Import volumes at major US retail container ports are expected to drop 8.4% in February - a higher rate than first predicted - as the shipping cycle reaches its slowest month of the year.

But the respite is likely to be followed by a "busy season" as retailers bring in their spring merchandise.

The forecast from the monthly Global Port Tracker report released by the National Retail Federation (NRF) and Hackett Associates, comes as NRF said it expects US retail sales to grow 4.1% this year.

"Ports and distribution centres are getting the break they deserve after the busy holiday season, but it won't last long," said NRF vice president for supply chain and customs policy, Jonathan Gold.

"Retailers will be moving spring merchandise toward their shelves in just a few weeks, and early numbers point to a busy season ahead."

Cargo import numbers do not correlate directly with sales because they count only the number of cargo containers, not the value of the merchandise inside them. The amount of merchandise imported nonetheless provides a rough barometer of retailers' expectations.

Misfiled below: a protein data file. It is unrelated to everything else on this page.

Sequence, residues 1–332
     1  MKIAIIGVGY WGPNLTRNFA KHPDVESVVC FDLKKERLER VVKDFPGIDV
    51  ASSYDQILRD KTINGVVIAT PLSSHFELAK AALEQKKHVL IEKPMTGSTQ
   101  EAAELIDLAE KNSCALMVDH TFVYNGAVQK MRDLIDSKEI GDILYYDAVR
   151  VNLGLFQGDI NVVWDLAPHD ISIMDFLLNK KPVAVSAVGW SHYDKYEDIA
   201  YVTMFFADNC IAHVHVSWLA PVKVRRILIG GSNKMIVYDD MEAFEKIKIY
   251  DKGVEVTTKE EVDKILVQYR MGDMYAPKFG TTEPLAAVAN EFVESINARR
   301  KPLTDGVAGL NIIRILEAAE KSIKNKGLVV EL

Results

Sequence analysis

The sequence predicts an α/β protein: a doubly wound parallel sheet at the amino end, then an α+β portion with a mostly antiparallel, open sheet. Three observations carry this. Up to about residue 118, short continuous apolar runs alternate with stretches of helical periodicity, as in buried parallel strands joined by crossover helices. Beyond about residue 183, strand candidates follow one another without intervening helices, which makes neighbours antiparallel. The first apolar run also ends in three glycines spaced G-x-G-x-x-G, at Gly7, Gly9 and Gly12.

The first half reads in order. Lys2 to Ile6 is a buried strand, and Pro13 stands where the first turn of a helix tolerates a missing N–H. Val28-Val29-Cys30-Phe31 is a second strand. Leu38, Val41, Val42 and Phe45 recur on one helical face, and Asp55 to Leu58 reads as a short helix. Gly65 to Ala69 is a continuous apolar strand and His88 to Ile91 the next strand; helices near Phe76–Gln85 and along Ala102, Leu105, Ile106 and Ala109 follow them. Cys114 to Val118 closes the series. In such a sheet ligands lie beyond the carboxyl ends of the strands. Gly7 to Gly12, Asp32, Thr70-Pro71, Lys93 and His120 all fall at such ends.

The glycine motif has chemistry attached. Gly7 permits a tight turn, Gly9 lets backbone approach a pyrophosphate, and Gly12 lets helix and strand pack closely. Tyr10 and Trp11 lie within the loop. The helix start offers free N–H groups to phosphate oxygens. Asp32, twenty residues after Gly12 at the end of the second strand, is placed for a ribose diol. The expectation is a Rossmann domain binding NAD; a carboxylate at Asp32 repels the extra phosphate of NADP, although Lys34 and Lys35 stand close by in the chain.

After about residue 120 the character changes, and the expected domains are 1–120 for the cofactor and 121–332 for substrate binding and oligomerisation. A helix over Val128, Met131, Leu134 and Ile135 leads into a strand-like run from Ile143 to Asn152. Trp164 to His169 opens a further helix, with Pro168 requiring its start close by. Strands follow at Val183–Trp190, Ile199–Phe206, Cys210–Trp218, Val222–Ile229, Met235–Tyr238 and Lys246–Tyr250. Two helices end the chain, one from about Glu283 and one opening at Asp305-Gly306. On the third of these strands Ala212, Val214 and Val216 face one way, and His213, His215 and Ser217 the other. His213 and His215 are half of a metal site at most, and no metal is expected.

US ports followed by Global Port Tracker handled 1.3m Twenty-Foot Equivalent Units (TEU) in December, the latest month for which after-the-fact numbers are available. That was down 3.3% from November as the holiday season came to an end, but up 0.6% from December 2012.

The December numbers brought 2013 to a total of 16.2m TEU, up 2.3% from the prior year's 15.8m TEU. One TEU is one 20-foot cargo container or its equivalent.

January was estimated at 1.37m TEU, up 4.5% from the same month last year. February, historically the slowest month of the year, was previously forecast to be down 7.5% to 1.18m TEU, but is now expected decline 8.4% to 1.17m TEU.

March is forecast at 1.29m TEU, up 13.7% from last year; April at 1.39m TEU, up 6.9%; May at 1.45m TEU, up 4.2%; and June at 1.43m TEU, up 5.6%. These numbers would total 8.1m TEU for the first half of the year, up 4.3% over last year.

"On the consumer side, there is continued hesitancy in spending as net disposable income remains virtually flat," warned Hackett Associates founder Ben Hackett. "As a result, the inventory-to-sales ratio remains stubbornly high."